In the past month several books have appeared whose basic premise is that being positive can be harmful to your health. Bright-Sided: How the Relentless Promotion of Positive Thinking Has Undermined America, by Barbara Ehrenreich, is in response to the cheerful pink cult surrounding breast cancer. You know: all those pink ribbons and pink boxes of candy and pink cards with happy faces—pink is so ubiquitous you can buy anything female done up in pink or festooned with pink ribbons for your favorite breast cancer survivor (not victim or even patient, but survivor!).
Ehrenreich, who’s written gritty exposés of women’s paid labor and other takes on reality, isn’t one to wear rose-colored glasses. “In the most extreme characterization,” she writes, “breast cancer is not a problem at all, not even an annoyance—it is a ‘gift,’ deserving of the most heartfelt gratitude.” Ehrenreich isn’t exactly “negative,” but a realist who insists we look at life as it is. That’s the kind of attitude I used to have, but I became more and more grumpy over the years out of frustration with the taboo on expressing reality. All those “have a nice day”s and the bestowal of blessings, not to mention being told it was my own fault if my life sucked, and that it would continue if I kept on being negative...well, it all made me mad, and I went in the opposite direction.
A recent Australian study on grumpiness gives grumps like me the edge over shiny happy people: “While cheerfulness fosters creativity, gloominess breeds attentiveness and careful thinking, Professor Joe Forgas told Australian Science Magazine.” A mildly negative mood, the study found, promotes an improved communication style, particularly in “stating their case through written arguments.” Hah! That just happens to be my forte!
Another new book, Bluebird: Women and the New Psychology of Happiness by Ariel Gore, makes no case for either negative or positive, but is a meandering exploration of the subject. (Full disclosure: I was one of the women who responded to Gore’s survey, and at least one of my answers pops up in the book.)
Always on the lookout for what isn’t being talked about, Gore noticed that in the burgeoning field of happiness psychology, most of those in Happy Land were male, and, even more alarming, the “experts” seemed to be saying that women who opted for traditional stay-at-home roles were the happiest. She sent a questionnaire out to 100 women, asked a smaller group to keep diaries, attended a meeting of “happiness experts,” and in general spent her time studying, ruminating, meditating and cogitating on the subject. Like most books of this type, Bluebird has something for everyone. Here’s one for me: “My mother,” Gore quips, “considered it a sin of dishonesty to let any negative emotion go unexpressed.”
Naturally, when talking about women’s happiness, the topic of motherhood is central, and this is Gore’s specialty. She understands the difference between motherhood as a fact of our lives, and motherhood as an institution; she never confuses the oppression of the latter with reality. She even comes up with a few answers to the questions she raises. But the most significant aspect of this gem of a book, to my mind, is that negativity, or rather reality in its darker manifestations, is not ignored, spurned or judged. That’s my beef with all the happiness cults—they demand eternal positive thinking and behavior.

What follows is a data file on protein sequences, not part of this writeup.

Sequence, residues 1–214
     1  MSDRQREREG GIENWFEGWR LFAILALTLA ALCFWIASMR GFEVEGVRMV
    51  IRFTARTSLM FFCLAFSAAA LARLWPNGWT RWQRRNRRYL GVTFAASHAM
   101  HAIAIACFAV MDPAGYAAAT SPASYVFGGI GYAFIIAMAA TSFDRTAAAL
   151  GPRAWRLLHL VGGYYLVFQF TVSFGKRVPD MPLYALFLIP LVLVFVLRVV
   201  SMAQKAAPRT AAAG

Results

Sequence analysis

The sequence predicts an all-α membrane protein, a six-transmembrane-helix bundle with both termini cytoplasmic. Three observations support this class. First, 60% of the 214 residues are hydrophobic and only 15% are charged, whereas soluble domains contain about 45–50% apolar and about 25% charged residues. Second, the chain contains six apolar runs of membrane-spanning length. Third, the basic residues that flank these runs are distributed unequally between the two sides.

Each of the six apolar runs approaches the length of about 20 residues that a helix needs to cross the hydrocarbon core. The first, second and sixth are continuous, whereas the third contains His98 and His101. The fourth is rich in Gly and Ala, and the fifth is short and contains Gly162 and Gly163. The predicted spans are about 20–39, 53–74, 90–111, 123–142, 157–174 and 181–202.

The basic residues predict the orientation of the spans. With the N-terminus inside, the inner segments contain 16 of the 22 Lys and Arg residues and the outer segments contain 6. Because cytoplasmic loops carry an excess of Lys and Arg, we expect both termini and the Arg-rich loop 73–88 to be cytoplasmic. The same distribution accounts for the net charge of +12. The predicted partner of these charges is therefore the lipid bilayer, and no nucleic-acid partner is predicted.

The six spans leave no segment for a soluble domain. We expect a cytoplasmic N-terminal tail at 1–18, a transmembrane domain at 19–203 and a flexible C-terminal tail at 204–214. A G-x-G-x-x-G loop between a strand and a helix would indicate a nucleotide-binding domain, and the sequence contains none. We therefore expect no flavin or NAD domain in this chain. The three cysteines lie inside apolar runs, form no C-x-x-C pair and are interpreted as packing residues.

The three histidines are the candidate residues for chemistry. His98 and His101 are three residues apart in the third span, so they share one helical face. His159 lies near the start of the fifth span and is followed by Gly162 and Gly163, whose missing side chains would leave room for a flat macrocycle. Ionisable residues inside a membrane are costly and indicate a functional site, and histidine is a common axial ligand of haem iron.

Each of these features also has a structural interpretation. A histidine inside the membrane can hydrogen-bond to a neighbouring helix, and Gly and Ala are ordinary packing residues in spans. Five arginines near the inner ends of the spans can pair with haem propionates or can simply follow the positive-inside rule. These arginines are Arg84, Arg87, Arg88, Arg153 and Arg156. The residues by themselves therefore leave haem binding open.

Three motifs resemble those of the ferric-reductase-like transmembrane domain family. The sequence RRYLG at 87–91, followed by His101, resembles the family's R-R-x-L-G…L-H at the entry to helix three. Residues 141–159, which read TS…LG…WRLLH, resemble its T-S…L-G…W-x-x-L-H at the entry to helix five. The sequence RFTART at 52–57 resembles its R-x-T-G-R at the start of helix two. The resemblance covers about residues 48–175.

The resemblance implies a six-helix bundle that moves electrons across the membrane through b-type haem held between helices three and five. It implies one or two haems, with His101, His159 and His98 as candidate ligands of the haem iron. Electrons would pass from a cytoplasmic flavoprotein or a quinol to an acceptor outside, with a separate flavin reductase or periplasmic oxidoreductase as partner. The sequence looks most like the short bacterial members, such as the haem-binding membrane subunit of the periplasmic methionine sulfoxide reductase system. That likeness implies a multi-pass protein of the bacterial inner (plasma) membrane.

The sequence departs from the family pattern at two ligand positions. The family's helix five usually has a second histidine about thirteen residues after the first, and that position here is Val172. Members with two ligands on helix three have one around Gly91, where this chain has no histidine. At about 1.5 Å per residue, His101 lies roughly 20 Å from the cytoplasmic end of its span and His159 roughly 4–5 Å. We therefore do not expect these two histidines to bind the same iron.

Lately I’m zeroing in on the California way, and why it doesn’t suit me. I’ve lived here for over 22 years, and I’m still a stranger in a strange land. I haven’t lost my New York accent—if anything, it’s gotten more pronounced. I’ve become progressively more negative, more cynical, and more of a hermit. For a long time I believed my isolationist tendencies were generic, that I’d be this way even if I were on the East Coast, but I’m starting to see that the reason I don’t socialize is that I simply can’t relate to Californians; I feel inadequate and uncomfortable around them.
For complicated reasons I can’t move back to New York, so I have to face up to the situation and find peace—and I seem to be making progress. A few weeks ago I was reading a memoir in which the author said her life works best when she’s open to new experiences, creating the conditions that allow her life to flow in a positive direction. For some reason this grabbed hold of my imagination. I saw all the times I’ve sabotaged myself by shutting out new experience, and I began to glimpse the meaning behind all this positive chatter. It was a humbling moment. And it came at a time when the world seems to be tuning in to the benefits of negativity—or what I call reality.
Good grief! I can just see it now: everyone will finally get real, and I’ll be in positive thinking mode. I’ll run around smiling, drawing happy faces and chirping “Have a nice day,” but I’ll get only scowls in return. People will lecture me about the falseness of my new persona. They’ll explain negativity to me as if I’d never heard the word or known a thing about it...and I’ll just smile and say, “Have a nice day.”
Causes Marcy Sheiner Supports
Hydrocephalus Association, Crohns and Colitis Foundation
Ousting the Republicans